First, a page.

On the modern front, sonar will put you onto plenty of baitball action over the journey. After all, not all baitball feeding frenzies take place on the surface. Plenty of this feeding happens right down in the water column, particularly where larger predators like marlin, big tuna and various trevallies are concerned.

Aside from helping to locate the bait balls in the first place, your sounder can also tell you what that bait is up to (soundings of baitfish that are tightly compacted or show very flat edges along the side of the school are usually under attack), and where to best place your baits or lures to have them right in harm’s way.

Bradley (2 of 8)

That characteristic extravagant dorsal fin of a sailfish is a physiological adaptation specifically for the purpose of rounding up baitballs. No surprises then that these fish are prime targets around offshore baitballs in the north-west.

It’s also well worth using GPS to log areas where you’ve found big baitballs in the past. It is amazing how often baitfish will return to the same exact places offshore, even when there’s no apparent reason for them to gather there.

Once found, the first step to actually fishing a bait ball is to assess what’s going on. If there’s no obvious signs of predators and the bait school is looking happy and stress free, don’t immediately discount it. There still may be the odd larger fish stalking it, and even if that’s not the case, big bait schools don’t go unnoticed for long so it may be worth hanging around or at least marking the spot and checking it out again at a later time.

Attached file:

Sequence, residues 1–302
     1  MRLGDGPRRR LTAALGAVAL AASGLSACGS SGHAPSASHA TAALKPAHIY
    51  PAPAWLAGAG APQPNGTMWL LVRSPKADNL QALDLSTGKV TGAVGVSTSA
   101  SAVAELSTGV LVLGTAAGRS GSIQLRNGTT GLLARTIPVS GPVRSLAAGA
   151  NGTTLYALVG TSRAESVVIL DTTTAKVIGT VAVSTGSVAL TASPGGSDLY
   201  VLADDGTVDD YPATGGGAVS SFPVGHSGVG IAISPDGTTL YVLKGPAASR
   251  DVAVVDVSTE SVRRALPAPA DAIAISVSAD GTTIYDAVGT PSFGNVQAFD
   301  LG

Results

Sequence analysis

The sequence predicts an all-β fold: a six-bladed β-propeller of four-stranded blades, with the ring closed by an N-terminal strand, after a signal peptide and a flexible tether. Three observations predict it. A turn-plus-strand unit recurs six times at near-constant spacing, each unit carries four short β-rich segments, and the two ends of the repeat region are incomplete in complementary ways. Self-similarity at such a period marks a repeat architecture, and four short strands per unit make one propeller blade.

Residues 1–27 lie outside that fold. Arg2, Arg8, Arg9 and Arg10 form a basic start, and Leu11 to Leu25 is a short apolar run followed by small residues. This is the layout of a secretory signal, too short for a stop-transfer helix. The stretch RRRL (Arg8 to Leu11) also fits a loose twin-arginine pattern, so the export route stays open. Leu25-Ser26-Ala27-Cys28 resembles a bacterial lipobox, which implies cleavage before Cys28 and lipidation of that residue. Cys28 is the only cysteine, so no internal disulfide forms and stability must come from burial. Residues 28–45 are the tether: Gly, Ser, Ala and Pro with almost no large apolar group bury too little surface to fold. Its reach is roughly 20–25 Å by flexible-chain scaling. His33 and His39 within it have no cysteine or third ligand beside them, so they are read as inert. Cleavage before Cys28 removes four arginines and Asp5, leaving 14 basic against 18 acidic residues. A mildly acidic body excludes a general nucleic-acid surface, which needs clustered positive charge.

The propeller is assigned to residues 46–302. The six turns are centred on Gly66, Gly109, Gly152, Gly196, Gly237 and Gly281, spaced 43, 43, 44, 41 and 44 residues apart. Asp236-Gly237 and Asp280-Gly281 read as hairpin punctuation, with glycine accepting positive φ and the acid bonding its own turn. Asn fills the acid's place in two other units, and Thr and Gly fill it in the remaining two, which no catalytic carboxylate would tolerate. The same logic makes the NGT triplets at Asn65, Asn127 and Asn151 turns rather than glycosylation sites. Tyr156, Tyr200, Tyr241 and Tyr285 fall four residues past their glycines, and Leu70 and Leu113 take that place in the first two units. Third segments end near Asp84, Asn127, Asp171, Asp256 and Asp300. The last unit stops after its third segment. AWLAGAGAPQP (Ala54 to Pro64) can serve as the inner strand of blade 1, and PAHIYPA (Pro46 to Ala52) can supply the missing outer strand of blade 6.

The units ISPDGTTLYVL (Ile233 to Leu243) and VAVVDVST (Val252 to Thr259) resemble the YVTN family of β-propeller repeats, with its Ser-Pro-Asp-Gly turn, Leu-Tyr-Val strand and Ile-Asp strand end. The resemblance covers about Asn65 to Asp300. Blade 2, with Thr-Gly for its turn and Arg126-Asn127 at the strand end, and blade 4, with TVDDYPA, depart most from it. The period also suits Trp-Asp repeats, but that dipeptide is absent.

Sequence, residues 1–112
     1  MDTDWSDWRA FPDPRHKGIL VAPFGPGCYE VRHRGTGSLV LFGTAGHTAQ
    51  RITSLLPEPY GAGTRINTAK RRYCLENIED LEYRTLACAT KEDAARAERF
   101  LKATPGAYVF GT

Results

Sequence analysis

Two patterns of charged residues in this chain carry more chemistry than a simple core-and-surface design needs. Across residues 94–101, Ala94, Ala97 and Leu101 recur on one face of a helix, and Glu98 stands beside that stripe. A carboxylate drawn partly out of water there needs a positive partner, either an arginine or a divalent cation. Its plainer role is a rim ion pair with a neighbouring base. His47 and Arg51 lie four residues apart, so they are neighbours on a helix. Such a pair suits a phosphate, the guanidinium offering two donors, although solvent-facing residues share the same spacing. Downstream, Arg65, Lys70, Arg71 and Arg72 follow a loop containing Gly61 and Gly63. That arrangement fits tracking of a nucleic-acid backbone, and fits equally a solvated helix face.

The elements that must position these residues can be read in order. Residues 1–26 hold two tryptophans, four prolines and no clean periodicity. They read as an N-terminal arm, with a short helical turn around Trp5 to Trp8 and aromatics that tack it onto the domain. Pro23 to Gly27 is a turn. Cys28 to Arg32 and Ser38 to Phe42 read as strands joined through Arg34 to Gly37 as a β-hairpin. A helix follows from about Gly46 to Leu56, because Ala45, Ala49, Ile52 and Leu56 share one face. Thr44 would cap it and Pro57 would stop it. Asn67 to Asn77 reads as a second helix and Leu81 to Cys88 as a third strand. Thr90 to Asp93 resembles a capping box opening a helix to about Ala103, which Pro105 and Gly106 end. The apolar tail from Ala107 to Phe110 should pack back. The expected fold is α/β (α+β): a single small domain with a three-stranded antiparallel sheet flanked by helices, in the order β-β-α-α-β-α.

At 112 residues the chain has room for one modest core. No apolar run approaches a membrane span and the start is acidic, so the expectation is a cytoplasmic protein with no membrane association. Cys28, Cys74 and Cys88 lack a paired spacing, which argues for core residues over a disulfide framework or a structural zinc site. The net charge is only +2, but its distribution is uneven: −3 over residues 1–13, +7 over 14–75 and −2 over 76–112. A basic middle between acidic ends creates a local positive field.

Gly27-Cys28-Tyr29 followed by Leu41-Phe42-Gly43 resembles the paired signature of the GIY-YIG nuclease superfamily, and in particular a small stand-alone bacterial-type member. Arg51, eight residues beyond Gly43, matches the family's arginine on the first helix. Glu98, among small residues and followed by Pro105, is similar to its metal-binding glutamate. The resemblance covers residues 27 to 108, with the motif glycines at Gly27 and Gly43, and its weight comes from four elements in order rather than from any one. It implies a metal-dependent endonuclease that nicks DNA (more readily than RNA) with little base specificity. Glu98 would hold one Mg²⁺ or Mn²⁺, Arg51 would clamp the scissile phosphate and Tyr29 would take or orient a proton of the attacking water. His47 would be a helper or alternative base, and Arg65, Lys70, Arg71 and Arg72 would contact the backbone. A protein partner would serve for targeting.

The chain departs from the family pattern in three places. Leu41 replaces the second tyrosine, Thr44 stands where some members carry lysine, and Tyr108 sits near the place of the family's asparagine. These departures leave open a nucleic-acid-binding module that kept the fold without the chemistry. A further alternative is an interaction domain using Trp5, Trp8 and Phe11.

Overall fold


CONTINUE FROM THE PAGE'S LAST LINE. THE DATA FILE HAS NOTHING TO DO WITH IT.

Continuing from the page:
Cast in and hang on!

Cobia will often lurk around beneath a baitball. Sending a bait or lure down below the main action is a top tactic to pick them up.BU 6 - On this day the birds gave away the presence of a bait school and we hooked a sailfish off it the moment a live bait was pitched into the fray. Exciting stuff!

Cobia will often lurk around beneath a baitball. Sending a bait or lure down below the main action is a top tactic to pick them up.BU 6 – On this day the birds gave away the presence of a bait school and we hooked a sailfish off it the moment a live bait was pitched into the fray. Exciting stuff!

If it’s all happening though and the baitball feeding frenzy is on, there’s nothing left to do but make the most of it. When the predators are tearing into the baitball, the fishing is sometimes very easy, but surprisingly, can often be fairly challenging on almost as many occasions as well.